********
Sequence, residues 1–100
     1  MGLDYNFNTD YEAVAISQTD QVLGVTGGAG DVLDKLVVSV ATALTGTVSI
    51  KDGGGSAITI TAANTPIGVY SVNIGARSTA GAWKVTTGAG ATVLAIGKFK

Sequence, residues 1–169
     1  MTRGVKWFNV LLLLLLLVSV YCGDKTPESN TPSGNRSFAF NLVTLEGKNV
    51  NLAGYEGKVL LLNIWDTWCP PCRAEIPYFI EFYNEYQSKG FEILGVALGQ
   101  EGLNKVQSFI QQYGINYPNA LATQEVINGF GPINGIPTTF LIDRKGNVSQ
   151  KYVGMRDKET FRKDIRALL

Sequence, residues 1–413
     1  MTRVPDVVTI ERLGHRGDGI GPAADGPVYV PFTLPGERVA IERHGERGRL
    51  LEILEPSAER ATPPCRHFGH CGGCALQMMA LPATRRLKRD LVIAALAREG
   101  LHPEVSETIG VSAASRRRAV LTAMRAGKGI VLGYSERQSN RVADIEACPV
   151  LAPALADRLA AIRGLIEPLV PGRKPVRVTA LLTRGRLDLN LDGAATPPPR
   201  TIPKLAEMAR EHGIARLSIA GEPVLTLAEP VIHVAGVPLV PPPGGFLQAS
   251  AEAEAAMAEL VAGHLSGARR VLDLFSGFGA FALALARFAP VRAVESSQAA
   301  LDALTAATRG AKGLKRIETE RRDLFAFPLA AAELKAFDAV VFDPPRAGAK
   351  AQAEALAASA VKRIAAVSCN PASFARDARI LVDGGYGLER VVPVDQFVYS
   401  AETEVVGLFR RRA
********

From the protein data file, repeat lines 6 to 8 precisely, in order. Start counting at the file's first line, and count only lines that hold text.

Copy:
    51  NLAGYEGKVL LLNIWDTWCP PCRAEIPYFI EFYNEYQSKG FEILGVALGQ
   101  EGLNKVQSFI QQYGINYPNA LATQEVINGF GPINGIPTTF LIDRKGNVSQ
   151  KYVGMRDKET FRKDIRALL